3:13 PM  
Blogger Somewhat Anonymous said...

Fox, eem - thanks for the context, I hope this settles the matter of interpretation of the article.

3:27 PM  
Blogger Still Wonderin' said...

"....R Shlomo Wolbe ztl-one of the first educators and real gedolim from this generation to say that it is the obligation of every Jew learning in kollel to devote at least one hour a week to kiruv-that is, teaching torah judaism to jews who are far from it. "

I guess over time it got watered down to spending at least one hour a week thinking of ways to feel superior to Jews who are far from it.

3:29 PM  
Blogger Somewhat Anonymous said...

Krum - I know I said I was going to drop this, but one more question out of genuine curiousity (rather than in furtherance of the debate). Are there really people who publicly don't keep shabbos but self-identify as Orthodox? Or do you mean people who don't call themselves anything (Conservative, reform or orthodox), but only keep some stuff.

3:43 PM  
Blogger Krum as a bagel said...

Krum - I know I said I was going to drop this, but one more question out of genuine curiousity (rather than in furtherance of the debate). Are there really people who publicly don't keep shabbos but self-identify as Orthodox? Or do you mean people who don't call themselves anything (Conservative, reform or orthodox), but only keep some stuff.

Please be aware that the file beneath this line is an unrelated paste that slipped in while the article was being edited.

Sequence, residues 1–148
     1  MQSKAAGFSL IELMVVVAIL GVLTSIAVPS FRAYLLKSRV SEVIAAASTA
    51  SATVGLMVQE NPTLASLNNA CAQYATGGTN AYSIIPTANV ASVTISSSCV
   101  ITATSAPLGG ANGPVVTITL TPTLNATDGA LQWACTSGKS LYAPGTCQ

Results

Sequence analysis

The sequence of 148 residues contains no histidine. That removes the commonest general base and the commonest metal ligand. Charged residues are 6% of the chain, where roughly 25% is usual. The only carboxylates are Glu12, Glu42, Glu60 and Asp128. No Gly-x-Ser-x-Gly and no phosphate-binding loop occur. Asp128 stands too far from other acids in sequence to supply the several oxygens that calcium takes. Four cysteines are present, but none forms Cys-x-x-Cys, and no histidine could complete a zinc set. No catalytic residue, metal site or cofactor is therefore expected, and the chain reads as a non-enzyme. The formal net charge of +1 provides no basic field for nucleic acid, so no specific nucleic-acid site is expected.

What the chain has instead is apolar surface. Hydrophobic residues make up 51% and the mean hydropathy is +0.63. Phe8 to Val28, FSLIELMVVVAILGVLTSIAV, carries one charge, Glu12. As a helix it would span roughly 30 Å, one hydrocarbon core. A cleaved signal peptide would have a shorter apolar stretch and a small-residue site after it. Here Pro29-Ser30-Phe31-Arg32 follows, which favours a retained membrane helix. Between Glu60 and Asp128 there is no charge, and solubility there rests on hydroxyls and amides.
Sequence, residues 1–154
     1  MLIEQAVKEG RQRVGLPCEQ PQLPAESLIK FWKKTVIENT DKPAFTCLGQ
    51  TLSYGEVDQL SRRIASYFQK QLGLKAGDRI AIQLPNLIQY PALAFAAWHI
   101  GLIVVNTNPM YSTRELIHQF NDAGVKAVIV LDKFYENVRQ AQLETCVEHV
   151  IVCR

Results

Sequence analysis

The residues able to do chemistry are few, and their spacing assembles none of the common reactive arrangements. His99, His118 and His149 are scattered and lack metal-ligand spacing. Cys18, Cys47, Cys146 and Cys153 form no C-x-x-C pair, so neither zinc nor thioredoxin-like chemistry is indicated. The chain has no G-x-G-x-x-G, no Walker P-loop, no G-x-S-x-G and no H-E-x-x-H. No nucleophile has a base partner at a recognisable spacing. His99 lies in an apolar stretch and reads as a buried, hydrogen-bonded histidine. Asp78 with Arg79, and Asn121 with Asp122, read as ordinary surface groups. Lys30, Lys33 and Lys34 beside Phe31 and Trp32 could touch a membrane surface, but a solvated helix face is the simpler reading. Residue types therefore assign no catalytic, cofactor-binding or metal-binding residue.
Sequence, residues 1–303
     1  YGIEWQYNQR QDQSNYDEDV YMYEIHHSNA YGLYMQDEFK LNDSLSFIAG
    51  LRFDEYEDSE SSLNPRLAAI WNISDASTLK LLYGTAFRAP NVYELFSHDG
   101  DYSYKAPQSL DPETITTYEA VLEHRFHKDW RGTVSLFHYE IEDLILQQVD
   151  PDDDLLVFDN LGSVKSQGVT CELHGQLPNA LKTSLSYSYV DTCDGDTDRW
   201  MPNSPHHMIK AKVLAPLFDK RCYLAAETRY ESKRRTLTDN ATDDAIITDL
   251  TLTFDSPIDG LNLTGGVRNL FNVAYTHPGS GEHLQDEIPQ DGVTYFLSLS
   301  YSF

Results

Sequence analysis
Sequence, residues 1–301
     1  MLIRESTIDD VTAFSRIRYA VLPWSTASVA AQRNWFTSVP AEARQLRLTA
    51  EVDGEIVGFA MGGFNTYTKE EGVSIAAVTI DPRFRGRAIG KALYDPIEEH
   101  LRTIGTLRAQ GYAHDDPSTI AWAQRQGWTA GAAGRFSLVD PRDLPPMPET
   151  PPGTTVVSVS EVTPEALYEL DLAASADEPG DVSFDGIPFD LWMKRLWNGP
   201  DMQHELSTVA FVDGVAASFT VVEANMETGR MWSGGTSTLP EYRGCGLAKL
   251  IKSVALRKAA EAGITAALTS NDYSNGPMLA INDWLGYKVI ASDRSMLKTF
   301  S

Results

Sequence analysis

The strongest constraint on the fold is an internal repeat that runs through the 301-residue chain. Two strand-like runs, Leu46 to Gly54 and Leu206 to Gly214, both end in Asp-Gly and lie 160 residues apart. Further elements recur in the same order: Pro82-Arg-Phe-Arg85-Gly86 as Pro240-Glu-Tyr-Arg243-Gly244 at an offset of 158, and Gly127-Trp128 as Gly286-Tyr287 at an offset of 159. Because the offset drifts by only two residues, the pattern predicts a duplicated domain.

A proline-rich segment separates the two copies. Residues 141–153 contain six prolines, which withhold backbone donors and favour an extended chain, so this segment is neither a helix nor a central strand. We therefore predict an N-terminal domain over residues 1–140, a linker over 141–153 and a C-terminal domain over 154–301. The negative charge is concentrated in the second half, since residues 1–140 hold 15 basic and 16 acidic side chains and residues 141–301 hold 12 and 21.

Not sure I understand what you mean. No, I don't know anyone who doesn't keep shabbos publicly but calls himself Orthodox. My point is simply that there are Conservative Jews who keep a lot of halacha and I think it is incorrect (and insulting) to call them "non-observant."

3:54 PM  
Blogger Somewhat Anonymous said...

I guess I meant observant of proper Judaism as a whole (and as such someone who is Conservative is not) , and you mean observant of particular commandments (And so the Conservative would be) - so we're back to semantics, and I'm done.

4:10 PM